You decide to tell your family that you are going to become a lawyer and they instantly protest because they cannot afford the hundreds of thousands of dollars for law school. That is when you remind your family that Abraham Lincoln did not go to law school, and the path he took to becoming a successful attorney is still available in the United States. Your family is interested in what you have to say, so you begin to explain how you can become a lawyer without going to law school.
First The Bad News
The path to taking the bar exam bypasses law school in only eight states. Currently, only California, Wyoming, Tennessee, Vermont, Washington and Virginia allow prospective lawyers to take the bar exam without attending law school. In New York, you need only one year of law school to take the exam, and in Maine you only need two years. None of these states have residential requirements, but they all have an apprenticeship requirement.
Reading The Law
States that do not require law school to take the bar exam do require an apprenticeship program to be completed. In the legal world, these apprenticeship programs are referred to as “reading the law.” Each state has their own rules for their apprenticeship programs, but they all involve years of study for hours of week in an actual lawyer’s office.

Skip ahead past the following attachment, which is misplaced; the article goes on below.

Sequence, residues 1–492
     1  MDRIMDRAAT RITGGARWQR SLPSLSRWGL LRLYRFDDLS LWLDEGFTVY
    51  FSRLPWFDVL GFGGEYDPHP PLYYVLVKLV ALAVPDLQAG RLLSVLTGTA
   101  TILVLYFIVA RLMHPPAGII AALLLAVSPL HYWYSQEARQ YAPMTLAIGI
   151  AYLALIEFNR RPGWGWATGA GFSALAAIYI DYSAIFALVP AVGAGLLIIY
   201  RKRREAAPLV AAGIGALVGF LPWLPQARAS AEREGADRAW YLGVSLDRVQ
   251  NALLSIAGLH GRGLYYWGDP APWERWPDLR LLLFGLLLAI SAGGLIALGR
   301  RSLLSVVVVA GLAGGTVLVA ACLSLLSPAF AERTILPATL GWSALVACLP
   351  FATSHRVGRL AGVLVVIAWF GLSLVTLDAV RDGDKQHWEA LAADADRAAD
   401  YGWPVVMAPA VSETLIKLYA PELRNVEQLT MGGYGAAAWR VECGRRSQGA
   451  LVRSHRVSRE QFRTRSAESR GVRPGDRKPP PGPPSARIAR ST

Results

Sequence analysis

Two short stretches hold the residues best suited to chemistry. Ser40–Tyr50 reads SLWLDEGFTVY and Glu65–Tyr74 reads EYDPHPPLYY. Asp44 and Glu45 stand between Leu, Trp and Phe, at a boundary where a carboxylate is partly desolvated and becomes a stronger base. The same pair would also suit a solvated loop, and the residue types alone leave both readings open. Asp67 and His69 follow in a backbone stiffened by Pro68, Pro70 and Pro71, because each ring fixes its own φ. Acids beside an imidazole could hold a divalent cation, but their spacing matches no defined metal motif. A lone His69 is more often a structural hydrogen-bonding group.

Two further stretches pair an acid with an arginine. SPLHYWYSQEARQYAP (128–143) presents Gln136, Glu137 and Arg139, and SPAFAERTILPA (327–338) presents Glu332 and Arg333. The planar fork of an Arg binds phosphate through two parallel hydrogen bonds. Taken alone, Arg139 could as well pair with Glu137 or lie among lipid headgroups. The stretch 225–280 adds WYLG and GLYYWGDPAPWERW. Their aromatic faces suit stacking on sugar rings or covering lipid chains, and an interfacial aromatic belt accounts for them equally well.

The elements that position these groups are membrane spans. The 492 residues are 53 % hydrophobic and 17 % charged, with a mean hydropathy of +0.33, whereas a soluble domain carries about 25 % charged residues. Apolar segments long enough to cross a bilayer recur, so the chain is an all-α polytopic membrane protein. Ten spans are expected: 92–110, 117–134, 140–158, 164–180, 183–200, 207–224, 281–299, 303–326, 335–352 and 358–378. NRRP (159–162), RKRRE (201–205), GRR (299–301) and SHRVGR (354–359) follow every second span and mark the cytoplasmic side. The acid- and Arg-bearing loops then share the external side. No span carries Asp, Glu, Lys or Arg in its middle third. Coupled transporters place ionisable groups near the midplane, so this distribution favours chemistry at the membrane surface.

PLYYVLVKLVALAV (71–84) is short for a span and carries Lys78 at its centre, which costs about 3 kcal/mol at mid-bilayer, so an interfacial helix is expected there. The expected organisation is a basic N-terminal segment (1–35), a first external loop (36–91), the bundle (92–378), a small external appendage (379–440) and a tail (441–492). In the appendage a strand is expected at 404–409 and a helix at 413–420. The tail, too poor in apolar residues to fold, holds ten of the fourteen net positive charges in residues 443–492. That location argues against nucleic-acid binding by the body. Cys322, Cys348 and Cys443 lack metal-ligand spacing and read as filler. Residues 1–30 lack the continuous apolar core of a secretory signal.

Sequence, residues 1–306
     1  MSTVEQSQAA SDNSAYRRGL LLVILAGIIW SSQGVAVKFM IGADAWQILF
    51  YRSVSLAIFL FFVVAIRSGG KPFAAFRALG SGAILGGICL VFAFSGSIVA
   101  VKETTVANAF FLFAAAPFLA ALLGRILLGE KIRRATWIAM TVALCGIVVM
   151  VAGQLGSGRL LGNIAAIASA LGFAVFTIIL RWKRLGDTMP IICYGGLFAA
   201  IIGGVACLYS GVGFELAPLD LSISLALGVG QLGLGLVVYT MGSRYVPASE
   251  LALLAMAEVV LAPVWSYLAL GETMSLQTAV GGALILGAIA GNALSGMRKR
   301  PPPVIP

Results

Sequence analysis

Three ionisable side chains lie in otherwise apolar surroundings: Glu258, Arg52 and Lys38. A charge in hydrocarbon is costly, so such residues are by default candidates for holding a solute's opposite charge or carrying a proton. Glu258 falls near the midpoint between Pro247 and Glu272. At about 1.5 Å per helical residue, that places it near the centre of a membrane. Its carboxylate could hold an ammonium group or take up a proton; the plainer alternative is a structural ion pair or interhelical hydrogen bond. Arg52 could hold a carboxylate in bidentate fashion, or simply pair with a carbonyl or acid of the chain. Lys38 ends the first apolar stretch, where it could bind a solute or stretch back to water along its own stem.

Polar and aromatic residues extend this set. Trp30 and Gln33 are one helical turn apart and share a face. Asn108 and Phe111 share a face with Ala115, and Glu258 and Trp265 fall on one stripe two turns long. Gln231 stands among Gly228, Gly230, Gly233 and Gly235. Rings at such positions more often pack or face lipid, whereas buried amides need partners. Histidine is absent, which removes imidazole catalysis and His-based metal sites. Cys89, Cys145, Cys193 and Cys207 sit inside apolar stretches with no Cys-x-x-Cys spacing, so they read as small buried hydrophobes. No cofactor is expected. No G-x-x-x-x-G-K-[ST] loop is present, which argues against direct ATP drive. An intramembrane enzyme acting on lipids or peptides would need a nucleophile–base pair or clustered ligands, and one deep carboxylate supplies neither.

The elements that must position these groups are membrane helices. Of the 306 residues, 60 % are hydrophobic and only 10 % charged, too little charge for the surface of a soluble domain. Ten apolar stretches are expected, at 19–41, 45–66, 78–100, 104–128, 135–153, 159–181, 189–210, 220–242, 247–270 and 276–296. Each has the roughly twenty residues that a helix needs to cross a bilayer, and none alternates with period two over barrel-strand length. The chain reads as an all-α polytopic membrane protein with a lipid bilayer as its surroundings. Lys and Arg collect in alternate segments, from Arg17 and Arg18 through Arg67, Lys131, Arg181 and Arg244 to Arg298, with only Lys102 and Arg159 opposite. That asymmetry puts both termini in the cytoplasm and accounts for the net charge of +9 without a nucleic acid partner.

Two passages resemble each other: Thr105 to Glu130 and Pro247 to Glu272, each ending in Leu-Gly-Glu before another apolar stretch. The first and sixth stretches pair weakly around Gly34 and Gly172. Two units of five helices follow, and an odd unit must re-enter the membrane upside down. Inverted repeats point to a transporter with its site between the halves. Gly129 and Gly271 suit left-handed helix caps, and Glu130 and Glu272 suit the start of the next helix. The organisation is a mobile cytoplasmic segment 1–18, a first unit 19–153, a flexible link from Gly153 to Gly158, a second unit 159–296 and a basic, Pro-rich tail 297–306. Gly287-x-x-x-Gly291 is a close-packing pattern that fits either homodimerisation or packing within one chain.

For example, the state of California requires a four-year apprenticeship program that is done in continuous years and involves a minimum of 18 hours per week spent in a certified law office.
While it can sound great to be able to take the bar after working part-time in a lawyer’s office for four years, the time spent in an office is not usually the only requirement. Sticking with California, an applicant for the bar exam must also be determined to have a high moral character, must pass the exam for a first-year law student, must take what is known as a Professional Responsibility Exam and then they can take the bar exam.
Law school can cost hundreds of thousands of dollars and take years to complete. If you do not have that kind of time or those kinds of resources, then you can move to one of the eight states that do not require a law degree to take the bar exam. You will still spend years gathering the experience you will need to take the bar, but you will save a lot of money and you will spend time seeing how law is practiced in the real world.
Jim Treebold is a North Carolina based writer. He lives by the mantra of “Learn 1 new thing each day”! Jim loves to write, read, pedal around on his electric bike and dream of big things. Drop him a line if you like his writing, he loves hearing from his readers!